Violations of the federal false claims act can result in penalties of not less than $5,500.00 and not more than $11,000.00 per claim, plus three times the amount of damages that the government sustains.

Medicaid False Claim Act

The State of Michigan has a companion law known as the Medicaid False Claims Act. This act imposes prison terms of up to four (4) years and fines up to $50,000 for:

  • Knowingly making a false statement or false representation of a material fact in any application for Medicaid benefits or for use in determining rights to a Medicaid benefit;
  • Soliciting, offering or receiving kickbacks or bribes for referrals to another for Medicaid-funded services (fine up to $30,000);
  • Entering an agreement with another to defraud Medicaid through a False Claim; or
  • Making or presenting to the State of Michigan a False Claim for payment.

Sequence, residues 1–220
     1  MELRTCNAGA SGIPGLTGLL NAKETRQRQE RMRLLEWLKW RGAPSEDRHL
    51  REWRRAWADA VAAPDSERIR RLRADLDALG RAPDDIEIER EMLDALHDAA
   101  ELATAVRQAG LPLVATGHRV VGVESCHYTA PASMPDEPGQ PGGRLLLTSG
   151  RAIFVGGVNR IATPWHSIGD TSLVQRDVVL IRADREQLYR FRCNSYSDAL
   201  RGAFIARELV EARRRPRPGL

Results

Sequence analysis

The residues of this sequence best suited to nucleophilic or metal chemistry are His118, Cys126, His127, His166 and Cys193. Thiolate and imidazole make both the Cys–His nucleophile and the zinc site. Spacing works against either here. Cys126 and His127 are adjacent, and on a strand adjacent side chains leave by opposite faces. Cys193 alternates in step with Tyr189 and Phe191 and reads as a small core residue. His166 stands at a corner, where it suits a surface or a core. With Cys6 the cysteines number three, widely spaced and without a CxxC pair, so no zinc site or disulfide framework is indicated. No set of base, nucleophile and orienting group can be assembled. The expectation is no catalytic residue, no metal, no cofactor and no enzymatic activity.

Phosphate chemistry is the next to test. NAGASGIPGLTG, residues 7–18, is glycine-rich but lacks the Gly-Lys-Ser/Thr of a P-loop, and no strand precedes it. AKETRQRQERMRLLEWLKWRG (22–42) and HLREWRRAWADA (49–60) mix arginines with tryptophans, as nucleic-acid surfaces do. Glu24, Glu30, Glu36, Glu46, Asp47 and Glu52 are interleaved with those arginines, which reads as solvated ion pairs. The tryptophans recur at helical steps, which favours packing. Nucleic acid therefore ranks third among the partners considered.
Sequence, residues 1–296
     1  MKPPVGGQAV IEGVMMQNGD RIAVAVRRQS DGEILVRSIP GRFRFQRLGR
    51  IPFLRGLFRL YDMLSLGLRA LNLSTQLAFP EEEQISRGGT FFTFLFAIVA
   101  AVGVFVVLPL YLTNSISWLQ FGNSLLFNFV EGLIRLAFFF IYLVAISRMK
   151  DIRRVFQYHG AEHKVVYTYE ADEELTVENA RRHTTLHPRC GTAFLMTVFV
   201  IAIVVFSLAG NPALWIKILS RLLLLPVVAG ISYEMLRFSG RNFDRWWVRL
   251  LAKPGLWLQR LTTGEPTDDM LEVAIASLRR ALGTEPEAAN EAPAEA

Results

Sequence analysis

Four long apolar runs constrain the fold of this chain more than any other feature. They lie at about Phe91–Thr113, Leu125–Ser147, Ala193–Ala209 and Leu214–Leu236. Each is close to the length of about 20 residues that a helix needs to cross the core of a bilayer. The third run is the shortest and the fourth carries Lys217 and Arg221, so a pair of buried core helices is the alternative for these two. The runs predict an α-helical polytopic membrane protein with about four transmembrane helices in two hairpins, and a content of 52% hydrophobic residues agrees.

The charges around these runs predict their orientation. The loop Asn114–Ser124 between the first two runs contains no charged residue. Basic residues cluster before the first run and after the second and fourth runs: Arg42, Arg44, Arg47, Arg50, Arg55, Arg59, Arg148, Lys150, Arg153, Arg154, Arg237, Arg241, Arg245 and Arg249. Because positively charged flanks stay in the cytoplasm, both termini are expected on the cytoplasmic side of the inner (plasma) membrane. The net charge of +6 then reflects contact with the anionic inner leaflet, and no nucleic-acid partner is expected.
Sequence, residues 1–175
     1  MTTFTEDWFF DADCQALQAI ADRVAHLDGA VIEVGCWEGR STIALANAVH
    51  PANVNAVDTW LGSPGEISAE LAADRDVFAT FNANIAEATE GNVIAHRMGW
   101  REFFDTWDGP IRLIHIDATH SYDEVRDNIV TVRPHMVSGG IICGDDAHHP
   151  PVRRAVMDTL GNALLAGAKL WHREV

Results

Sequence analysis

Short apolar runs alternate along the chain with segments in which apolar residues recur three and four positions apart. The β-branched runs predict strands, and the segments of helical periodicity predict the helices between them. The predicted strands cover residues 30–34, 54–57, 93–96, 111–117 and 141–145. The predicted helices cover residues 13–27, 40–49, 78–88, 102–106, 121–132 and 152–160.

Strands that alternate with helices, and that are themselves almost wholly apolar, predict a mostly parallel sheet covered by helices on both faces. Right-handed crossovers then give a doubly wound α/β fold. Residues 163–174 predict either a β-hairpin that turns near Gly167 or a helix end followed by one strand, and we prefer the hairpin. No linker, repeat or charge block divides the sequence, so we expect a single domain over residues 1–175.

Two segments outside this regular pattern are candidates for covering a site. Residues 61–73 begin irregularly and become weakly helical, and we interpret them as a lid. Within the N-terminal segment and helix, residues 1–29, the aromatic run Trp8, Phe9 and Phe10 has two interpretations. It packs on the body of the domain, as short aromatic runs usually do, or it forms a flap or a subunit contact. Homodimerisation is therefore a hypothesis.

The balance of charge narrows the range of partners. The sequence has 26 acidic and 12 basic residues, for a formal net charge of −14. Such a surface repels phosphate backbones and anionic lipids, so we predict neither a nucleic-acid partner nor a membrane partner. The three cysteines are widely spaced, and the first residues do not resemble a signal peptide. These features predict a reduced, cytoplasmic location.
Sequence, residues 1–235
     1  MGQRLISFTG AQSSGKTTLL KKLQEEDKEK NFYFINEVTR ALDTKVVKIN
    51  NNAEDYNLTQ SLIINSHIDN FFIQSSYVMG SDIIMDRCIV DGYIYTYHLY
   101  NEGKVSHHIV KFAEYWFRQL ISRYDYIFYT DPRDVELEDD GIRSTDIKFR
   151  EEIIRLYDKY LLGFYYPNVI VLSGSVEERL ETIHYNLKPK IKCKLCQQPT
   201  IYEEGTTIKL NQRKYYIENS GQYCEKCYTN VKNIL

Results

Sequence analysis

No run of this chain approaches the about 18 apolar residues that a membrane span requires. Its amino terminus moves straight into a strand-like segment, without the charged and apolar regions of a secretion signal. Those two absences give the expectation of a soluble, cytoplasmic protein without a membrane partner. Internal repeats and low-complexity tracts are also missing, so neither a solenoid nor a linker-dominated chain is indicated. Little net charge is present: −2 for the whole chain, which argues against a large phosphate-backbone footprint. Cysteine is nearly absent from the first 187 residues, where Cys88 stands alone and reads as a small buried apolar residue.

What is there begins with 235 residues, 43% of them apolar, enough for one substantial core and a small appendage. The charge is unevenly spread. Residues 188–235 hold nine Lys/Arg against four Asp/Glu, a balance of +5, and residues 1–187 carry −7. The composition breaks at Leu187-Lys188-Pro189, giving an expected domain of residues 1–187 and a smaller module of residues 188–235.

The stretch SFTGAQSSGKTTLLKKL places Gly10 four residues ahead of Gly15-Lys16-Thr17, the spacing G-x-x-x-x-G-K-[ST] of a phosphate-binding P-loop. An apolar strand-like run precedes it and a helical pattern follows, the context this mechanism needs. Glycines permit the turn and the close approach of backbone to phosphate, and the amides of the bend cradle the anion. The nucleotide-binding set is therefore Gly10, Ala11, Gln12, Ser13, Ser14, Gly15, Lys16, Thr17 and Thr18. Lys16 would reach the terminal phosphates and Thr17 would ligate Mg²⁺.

​State Quit Tam "Whistleblower" Action

Any person (Qui Tam Relater) may bring a civil action on behalf of the State of Michigan to recover losses that the State suffered from a person violating the Michigan Medicaid False Claims Act, and the Michigan Attorney General is to be notified and has an opportunity to appear and intervene in the action brought on behalf of the State of Michigan. If the Michigan Attorney General intervenes, in addition to the person (Qui Tam Relater) receiving his or her expenses, costs and reasonable attorney fees, the person may also receive a portion of the monetary proceeds resulting from the action or any settlement. If the Michigan Attorney General does not intervene, the Qui Tam Relater will receive a portion of the monetary proceeds.

Whistleblower Protection Laws

In addition to the District's Policy 5040 - Retaliation and Whistle-Blowing, both the federal and state laws protect individuals who investigate or report possible False Claims made by their employer against discharge or discrimination in employment because of such investigation. Employees who are discriminated against based on whistleblower activities may sue in court for damages. Under either the federal or state law, any employer who violates the whistleblower protection law is liable to the employee for (1) reinstatement of the employee's position without loss of seniority, (2) two times the amount of lost back pay, (3) interest and compensation for any special damages, and such other relief necessary to make the employee whole.

Detection of Potential Fraud or Abuse